Plant in particular seemed to be channeling an active muse. According to Page: "He must have written three quarters of the lyrics on the spot. He didn't have to go away and think about them. Amazing, really." Plant himself cited British ...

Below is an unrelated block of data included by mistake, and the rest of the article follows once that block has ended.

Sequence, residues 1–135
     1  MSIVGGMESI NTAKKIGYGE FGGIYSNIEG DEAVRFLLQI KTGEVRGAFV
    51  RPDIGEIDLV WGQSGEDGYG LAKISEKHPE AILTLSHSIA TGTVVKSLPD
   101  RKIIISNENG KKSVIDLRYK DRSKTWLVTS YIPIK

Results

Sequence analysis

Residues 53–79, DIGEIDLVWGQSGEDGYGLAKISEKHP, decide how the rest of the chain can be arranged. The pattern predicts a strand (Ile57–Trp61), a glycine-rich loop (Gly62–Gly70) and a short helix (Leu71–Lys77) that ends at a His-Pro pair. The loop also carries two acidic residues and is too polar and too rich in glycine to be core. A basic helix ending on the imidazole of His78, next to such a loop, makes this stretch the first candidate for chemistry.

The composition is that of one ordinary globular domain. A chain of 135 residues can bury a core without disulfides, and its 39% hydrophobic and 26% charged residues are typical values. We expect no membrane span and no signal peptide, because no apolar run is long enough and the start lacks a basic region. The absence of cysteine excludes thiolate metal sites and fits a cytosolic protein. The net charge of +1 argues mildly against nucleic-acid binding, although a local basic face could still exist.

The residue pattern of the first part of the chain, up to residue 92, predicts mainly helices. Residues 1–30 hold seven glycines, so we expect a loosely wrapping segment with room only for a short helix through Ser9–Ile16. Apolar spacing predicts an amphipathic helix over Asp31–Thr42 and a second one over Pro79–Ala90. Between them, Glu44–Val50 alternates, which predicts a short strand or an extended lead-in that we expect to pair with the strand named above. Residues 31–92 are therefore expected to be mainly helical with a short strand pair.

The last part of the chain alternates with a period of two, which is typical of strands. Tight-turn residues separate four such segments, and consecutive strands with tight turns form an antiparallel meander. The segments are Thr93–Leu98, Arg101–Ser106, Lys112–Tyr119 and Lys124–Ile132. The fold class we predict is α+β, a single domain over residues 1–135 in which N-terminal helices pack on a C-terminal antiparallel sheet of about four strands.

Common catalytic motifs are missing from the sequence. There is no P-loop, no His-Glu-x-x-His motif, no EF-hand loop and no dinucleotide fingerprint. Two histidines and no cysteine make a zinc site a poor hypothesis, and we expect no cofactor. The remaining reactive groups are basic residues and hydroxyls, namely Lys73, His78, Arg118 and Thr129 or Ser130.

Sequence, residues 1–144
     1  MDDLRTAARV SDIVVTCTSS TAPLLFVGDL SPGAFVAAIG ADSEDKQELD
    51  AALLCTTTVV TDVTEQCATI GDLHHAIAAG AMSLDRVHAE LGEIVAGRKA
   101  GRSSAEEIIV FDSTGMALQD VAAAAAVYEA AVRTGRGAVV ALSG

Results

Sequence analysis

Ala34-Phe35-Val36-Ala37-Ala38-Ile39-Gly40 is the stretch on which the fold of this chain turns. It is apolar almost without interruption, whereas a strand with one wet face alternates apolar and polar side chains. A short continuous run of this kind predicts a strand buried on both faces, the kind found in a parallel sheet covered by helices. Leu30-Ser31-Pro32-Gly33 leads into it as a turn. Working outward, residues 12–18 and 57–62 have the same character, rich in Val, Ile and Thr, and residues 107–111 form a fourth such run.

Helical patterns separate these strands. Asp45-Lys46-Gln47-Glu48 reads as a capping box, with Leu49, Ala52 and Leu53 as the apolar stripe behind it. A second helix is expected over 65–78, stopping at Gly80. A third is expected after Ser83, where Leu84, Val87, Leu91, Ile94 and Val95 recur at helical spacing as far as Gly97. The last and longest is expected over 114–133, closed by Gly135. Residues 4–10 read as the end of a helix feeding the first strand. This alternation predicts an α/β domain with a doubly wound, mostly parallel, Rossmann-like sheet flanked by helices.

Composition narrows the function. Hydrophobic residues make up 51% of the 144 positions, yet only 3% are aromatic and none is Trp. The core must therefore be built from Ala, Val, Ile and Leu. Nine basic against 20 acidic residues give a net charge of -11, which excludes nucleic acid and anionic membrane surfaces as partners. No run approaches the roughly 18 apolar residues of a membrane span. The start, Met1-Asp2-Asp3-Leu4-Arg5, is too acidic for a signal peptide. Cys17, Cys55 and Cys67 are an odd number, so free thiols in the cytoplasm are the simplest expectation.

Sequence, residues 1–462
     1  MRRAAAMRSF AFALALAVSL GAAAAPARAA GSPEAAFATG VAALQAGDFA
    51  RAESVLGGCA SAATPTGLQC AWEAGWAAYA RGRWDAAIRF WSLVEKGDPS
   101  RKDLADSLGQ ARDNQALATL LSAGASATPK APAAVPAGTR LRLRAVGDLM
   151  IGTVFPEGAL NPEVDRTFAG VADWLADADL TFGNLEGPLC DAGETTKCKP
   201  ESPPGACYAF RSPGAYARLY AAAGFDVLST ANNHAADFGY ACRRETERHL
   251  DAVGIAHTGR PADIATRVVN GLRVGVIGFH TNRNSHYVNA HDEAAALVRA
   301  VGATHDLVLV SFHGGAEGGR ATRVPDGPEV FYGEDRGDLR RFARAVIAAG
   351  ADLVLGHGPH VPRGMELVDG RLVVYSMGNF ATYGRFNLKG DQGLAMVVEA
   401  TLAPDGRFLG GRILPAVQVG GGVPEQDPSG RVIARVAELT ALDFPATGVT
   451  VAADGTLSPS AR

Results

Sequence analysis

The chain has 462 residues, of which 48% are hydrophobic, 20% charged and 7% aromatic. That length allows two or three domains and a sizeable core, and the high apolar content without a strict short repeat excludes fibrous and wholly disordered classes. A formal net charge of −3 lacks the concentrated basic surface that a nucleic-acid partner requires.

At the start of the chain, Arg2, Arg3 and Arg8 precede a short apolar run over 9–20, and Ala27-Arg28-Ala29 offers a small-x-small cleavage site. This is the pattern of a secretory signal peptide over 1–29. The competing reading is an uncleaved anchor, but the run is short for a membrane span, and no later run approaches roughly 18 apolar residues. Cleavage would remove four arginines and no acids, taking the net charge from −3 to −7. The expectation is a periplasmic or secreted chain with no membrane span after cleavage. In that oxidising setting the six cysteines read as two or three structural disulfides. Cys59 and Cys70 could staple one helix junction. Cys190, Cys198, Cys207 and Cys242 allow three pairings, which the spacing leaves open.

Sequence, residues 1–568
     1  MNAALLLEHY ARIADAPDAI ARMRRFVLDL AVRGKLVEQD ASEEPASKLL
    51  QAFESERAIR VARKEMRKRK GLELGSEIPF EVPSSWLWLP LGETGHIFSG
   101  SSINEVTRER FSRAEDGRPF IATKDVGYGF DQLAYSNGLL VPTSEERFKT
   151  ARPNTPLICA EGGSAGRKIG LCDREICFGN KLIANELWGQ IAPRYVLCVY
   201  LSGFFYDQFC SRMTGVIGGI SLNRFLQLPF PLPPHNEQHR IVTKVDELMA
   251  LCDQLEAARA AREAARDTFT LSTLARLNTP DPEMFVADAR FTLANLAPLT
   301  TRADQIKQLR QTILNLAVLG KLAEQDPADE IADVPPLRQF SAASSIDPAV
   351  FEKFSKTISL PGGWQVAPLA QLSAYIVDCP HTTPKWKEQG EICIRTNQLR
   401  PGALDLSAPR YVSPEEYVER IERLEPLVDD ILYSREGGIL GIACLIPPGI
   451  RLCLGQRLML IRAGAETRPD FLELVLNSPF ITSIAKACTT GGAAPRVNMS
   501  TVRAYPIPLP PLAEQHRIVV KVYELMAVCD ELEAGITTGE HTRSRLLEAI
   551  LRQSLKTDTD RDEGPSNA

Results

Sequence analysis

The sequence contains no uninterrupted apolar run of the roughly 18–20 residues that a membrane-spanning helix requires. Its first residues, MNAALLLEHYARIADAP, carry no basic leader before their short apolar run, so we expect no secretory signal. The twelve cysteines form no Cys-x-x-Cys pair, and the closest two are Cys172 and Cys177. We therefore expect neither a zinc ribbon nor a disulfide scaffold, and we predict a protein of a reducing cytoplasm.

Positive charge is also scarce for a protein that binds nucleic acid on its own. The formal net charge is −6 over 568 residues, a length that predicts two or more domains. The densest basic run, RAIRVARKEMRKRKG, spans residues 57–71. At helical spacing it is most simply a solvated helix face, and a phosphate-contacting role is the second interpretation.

It only takes one song to start a rock revolution. That trigger, in late 1991, was “Smells Like Teen Spirit,” an exhilarating blast of punk-rock confrontation by Nirvana, a scruffy trio from Seattle. “Teen Spirit,” its moshpit-party video and Nirvana’s kinetic live shows propelled their second album, Nevermind, to Number One and turned singer-guitarist-songwriter Kurt Cobain into the voice and conscience of an alternative-rock nation sick of hair metal and the conservative grip of the Reagan-Bush ‘80s. Founded by Cobain and bassist Krist Novoselic in the logging town of Aberdeen, Washington, Nirvana were underground stars when they made 1989’s Bleach with drummer Chad Channing. Moving from the indie Sub Pop label to Geffen, the band – with drummer Dave Grohl – packed Cobain’s corrosive riffs, emotionally acute writing and twin passions for the Beatles and post-punk bands like the Melvins and the Pixies into Nevermind. A multi-platinum seller, it included the hits “Come As You Are” and “Lithium” and opened the mainstream gates for Green Day, Pearl Jam and Smashing Pumpkins. In 1993, Nirvana released the caustic masterpiece, In Utero, and gave a historic performance on MTV’s Unplugged. But in April 1994, Cobain – suffering from drug addiction and ...